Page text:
Are you itching to get your garden started now that spring is here? We certainly are. There is nothing better than using fresh herbs in all of your recipes.
When starting an indoor or porch garden, you must remember that these herbs need at least 4 hours of sunlight to grow properly. They also like to be kept in similar temperatures that we do, between 60-70°F.
Each plant is different, so they need to be watered accordingly. Most won’t need to be watered every day, so you can wait until the soil is slightly dry to water them again. Plants like basil, mint, parsley, and chives however, like to grow in slightly moist soil. But, remember this, one way to ruin a plant and cause its roots to rot, is to let it sit, oversaturated in water. The best way to tell if a plant needs to be watered is to stick your finger about an inch down into the soil to see if it is dry. If the soil is dry, it is in need of hydration.
Choosing the proper pots is also important when curating your indoor herb garden. Clay pots are porous and tend to soak up the water your plants need so you will end up watering than more than necessary. Try glazed or plastic pots for indoor plants that won’t dry out your plants. The most important thing to make sure is that your pots have drainage holes. You can use rubber, plastic, or metals plates underneath your pots to catch the excess water runoff. Start with pots that are at least 6 inches around to give your herbs the room to grow.
For creative ways to house your herb garden, check out Brit & Co’s “20 Ways to Start and Indoor Garden” list for a lot of great, innovative, and space saving ideas.
- DO NOT use 1 planter for all of your plants.
- They each need their own room to grow.
- DO NOT just use any dirt you find outside.
- Since these plants won’t be planted in the ground, they will be missing out on the natural nutrients the soil provides them.
- Use potting soil that is rich in nutrients.
- DO NOT over water your plants.
- Give the plant some time to soak up that water and for its soil to dry out a bit.
- If you see yellow leaves on your plants, which means you are overwatering.
And remember this, your plants will tell you when something is wrong with them.
Below are some of our recommendations for herbs to grow indoors all year long.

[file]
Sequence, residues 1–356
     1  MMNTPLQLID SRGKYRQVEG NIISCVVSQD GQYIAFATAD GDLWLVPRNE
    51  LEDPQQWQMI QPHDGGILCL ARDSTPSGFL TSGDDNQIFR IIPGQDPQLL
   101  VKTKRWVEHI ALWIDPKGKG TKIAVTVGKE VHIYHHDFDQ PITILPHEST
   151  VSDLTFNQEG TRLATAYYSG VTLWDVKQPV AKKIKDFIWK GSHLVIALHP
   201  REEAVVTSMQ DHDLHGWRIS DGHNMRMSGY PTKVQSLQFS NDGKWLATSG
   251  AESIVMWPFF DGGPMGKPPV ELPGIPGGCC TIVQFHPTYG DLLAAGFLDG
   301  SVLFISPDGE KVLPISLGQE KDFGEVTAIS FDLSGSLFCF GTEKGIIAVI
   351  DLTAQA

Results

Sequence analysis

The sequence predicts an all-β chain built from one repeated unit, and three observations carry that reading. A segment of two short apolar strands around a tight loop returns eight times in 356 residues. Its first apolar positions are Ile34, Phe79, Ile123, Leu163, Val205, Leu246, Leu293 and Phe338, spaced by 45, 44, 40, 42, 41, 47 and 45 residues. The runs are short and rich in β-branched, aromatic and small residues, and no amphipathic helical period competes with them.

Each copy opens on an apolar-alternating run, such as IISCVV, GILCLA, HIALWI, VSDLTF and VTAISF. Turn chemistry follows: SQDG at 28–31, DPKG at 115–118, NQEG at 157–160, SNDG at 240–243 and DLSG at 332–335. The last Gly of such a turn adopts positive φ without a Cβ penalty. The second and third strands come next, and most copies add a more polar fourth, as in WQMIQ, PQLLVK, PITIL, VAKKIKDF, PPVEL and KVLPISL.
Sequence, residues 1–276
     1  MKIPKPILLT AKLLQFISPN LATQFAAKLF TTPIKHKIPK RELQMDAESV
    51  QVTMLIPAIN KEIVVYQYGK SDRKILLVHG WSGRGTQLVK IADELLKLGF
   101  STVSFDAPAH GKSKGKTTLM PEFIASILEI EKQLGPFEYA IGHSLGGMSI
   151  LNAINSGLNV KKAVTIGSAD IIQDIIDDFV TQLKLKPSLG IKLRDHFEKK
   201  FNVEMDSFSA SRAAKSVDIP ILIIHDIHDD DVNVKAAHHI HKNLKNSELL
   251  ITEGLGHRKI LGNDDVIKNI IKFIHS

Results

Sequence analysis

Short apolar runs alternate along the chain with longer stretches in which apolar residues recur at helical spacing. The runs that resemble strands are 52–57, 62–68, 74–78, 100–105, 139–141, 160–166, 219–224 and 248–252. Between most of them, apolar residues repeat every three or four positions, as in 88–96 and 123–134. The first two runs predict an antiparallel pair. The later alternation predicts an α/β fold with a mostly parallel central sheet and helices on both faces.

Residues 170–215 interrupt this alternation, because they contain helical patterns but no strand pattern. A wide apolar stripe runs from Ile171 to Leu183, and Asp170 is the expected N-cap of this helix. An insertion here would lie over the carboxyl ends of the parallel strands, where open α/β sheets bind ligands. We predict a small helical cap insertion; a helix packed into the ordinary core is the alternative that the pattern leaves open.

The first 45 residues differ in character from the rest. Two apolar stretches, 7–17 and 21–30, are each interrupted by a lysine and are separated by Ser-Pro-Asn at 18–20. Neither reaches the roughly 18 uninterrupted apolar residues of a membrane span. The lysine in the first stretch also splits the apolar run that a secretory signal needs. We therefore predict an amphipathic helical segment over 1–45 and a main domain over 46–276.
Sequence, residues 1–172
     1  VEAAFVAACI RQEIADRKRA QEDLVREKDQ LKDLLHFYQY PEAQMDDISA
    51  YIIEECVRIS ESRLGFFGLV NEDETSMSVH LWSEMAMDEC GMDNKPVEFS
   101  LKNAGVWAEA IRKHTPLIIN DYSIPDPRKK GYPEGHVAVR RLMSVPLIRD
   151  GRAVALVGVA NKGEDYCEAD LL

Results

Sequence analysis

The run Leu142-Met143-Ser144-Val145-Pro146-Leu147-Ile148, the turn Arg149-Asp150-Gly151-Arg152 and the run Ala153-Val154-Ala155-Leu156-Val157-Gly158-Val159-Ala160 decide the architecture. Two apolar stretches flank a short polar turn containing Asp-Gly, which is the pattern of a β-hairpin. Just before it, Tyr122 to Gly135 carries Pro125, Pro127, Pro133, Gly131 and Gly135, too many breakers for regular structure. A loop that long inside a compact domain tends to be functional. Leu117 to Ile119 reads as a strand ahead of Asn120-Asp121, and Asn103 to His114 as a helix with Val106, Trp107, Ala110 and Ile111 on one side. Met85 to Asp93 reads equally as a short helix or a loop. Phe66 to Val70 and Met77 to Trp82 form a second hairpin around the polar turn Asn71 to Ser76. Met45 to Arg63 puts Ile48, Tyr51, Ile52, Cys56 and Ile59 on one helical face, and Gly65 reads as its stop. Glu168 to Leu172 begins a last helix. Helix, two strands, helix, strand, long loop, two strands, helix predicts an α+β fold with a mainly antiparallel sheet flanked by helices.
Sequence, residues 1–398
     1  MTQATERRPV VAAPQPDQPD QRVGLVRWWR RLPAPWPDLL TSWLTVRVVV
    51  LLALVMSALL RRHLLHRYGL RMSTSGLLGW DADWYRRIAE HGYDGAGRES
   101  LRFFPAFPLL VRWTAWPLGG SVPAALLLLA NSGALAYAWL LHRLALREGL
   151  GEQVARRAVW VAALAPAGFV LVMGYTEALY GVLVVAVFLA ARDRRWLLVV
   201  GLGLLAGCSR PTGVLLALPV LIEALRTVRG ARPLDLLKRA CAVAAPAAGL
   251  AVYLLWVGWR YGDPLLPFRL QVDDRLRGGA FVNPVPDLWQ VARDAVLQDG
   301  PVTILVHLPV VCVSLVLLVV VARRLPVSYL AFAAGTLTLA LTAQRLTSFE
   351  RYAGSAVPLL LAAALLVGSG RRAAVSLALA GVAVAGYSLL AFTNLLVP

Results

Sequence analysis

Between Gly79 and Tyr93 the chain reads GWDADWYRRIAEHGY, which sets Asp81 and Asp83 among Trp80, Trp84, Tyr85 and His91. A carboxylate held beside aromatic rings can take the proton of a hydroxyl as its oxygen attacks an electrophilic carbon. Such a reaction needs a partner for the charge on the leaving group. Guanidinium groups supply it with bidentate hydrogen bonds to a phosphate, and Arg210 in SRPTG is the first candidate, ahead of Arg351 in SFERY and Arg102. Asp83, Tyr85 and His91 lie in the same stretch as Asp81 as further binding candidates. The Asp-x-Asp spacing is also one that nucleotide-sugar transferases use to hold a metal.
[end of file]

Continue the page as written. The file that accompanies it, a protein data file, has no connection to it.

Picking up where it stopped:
- Needs as much sun as possible.
- Keep the soil moist, but well-drained.
- Anti-inflammatory & anti-bacterial which helps the body fight disease
- Great anti-oxidant
- Cancer fighter
- Pain & fever reducer
- Immune system booster
- Favorite Use: in Caprese salads, with strawberries in water
- Can thrive in minimal light, but it is best if you can get it a few hours of sunlight a day.
- Helps with digestion & weight loss
- Nausea, fatigue, & headache relief
- Helps with memory loss
- Good for your skin since it is an anti-inflammatory & for relieving dryness on your scalp
- Favorite Use: combined with fruit in water
- Parsley loves to be drenched in sunlight and having moist soil.
- Packed with every essential daily vitamin
- Aids in bone health
- Immune booster
- Aids digestion
- Contains antioxidants that battle the effects of aging
- Favorite Use: in Israeli Salad (check out our recipe)
- Grows best when is has 6 hours of sunlight a day.
- Natural insect repellant
- Useful in antiseptics
- Helps lower blood pressure
- Has antibacterial properties
- Immunity booster
- Used to help lessen stomach issues
- Favorite Use: as a substitute for dried parsley in soups
- The best way to grow Rosemary indoors is to start with a plant from a nursery, not with seeds, and plant in fresh, dry soil.
- Has memory boosting capabilities
- Pain reliever
- Protector of your immune system
- Detoxes your body
- Anti-aging properties
- Helps heal skin conditions because of its antiseptic properties
- Promotes healthy hair and growth
- Favorite Use: as a finishing touch with fish and chicken dishes